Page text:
This blog post will make you think differently about your 'mum body'
It's funny how we have been made feel as if "mum bodies" are a negative thing, something to be ashamed of and be rectified as soon as possible after having our babies.
Having been pregnant, having grown a baby (two babies, even) from conception to birth, having brought them into the world and fed them from my own body and having lugged them around on my hips, lifted them up and down a million times, soothed them with my hugs and touch and voice, should that not mean my body should be celebrated?!
Just pause for a moment and think about how utterly amazing women's bodies are. What they can do. What they can endure. And how they should be treated with love and just the utmost respect. Every scar, every mark, every slightly-squishier-than-before bit, they all tell a story, they all show what amazing adventures your body has taken you on. You earned those stripes, mamas.
And also, try for a moment to see yourself through your children's eyes – and see just how much they love your body – just as it is. To them, you are their mama. You are their place of comfort, the lap they want to sit on, the arms they want when they are tired and the smile that will make everything better.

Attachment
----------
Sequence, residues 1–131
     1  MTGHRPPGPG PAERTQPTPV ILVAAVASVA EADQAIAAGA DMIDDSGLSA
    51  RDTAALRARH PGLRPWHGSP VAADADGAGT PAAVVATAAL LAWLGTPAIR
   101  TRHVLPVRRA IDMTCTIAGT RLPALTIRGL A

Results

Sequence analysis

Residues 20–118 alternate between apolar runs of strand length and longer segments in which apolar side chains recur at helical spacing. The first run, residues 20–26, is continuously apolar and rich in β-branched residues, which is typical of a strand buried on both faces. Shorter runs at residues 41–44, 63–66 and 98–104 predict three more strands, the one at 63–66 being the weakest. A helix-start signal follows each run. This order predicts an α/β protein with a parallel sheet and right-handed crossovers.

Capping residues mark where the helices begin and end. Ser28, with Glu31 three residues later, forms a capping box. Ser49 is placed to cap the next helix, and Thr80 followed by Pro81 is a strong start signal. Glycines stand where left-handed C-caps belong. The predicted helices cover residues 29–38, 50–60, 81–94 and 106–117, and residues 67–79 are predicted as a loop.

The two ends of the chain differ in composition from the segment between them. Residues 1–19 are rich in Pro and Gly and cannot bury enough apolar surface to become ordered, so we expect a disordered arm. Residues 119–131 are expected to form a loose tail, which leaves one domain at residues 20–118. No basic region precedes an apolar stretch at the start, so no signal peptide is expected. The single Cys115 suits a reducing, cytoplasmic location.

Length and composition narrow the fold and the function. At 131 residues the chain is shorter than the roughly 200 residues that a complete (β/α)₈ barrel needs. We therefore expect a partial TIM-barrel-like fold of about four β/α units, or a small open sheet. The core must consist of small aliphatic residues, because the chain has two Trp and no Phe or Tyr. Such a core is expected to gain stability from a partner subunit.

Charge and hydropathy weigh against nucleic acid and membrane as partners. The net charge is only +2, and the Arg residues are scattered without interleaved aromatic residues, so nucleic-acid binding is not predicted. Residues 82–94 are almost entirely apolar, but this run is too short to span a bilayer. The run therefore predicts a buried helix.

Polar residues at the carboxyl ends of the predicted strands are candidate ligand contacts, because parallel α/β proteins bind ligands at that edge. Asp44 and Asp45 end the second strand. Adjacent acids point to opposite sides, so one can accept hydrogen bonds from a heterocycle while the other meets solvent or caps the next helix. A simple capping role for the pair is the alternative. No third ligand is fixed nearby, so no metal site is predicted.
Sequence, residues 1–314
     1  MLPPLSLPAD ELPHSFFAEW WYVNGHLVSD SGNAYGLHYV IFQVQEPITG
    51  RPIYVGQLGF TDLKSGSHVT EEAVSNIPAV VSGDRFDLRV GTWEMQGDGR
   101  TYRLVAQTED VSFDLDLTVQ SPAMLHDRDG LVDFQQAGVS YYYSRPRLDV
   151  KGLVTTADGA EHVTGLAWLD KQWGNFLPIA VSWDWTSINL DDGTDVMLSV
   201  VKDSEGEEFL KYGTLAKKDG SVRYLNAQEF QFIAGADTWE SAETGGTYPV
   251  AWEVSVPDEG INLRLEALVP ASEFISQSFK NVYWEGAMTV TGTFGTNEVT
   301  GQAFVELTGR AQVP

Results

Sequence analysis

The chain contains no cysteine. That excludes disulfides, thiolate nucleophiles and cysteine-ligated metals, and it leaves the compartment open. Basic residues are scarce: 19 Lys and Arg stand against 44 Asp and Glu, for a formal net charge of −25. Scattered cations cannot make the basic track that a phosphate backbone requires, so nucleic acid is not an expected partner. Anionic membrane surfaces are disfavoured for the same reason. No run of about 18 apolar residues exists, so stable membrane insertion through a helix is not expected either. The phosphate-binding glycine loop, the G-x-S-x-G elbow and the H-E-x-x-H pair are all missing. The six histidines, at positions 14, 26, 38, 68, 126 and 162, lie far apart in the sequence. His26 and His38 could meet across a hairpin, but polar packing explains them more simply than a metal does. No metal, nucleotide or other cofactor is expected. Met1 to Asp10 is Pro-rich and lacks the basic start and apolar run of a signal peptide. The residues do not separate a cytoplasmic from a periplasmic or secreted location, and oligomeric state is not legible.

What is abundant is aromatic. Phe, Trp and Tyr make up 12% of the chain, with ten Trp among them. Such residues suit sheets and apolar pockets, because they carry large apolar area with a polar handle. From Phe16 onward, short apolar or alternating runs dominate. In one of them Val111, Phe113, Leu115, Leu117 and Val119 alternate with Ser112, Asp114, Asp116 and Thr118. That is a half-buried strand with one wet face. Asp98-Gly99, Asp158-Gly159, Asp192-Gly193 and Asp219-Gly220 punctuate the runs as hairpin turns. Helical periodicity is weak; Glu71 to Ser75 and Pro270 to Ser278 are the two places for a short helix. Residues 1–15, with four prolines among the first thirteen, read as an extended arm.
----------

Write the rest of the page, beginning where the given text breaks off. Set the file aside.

Which is why this blog post from one of our very favourite mummy blogger, Cup of Jo, tugged at my heart strings when I read it. It is an important reminder of how our children see our "mum bodies" and how – to them – it is pretty much their favourite thing in the whole world.
Here is Jo's post in full:
This summer, Toby and Anton have been sharing a bed, and and when I put them to sleep, I’ll climb right in the middle. We’ll sing songs and tell stories, and the funny thing is, Toby and Anton each like to take one of my upper arms and squeeze. Because they’re comforting and… squishy?
At first, I was like, oh, my arms, they should be more muscular. Probably not ideal for them to double as a squeeze toy or pillow! But my second thought was, how sweet that the boys love my arms. They don’t judge anything; they just feel my essence. They love lying next to their mama in the dark, listening to her sing “Edelweiss” slightly off key and squeeze-squeeze-squeezing her arms.
Whenever I wake up in the morning, no matter how bleary-eyed I look, my boys just see my smiling face and bear hugs and offer of banana pancakes. They don’t see my dark undereye circles, they see my glowing, endless adoration of them.
I remember a comment from a reader named Sadie: “My three-year-old was sitting next to me the other day, reached over, patted my belly, and said absentmindedly, ‘You’re just a big ol’ mama. Biiiiig ooooool’ maaaaaamaa.’ The way he said it, it sounded like the best thing in the world.”
Recently, I had a conversation with a friend about her body image. She told me: “Sometimes I look at my daughter and think, Oh my god, she has my thighs, that poor girl. She has my big feet and my huge hands and these things that I always saw as being less than perfect. But she’s so completely beautiful to me. I love everything about her, including her thighs. Seeing myself through that lens helps me see my own body more kindly. All that unconditional love, how can it not extend to me, too?”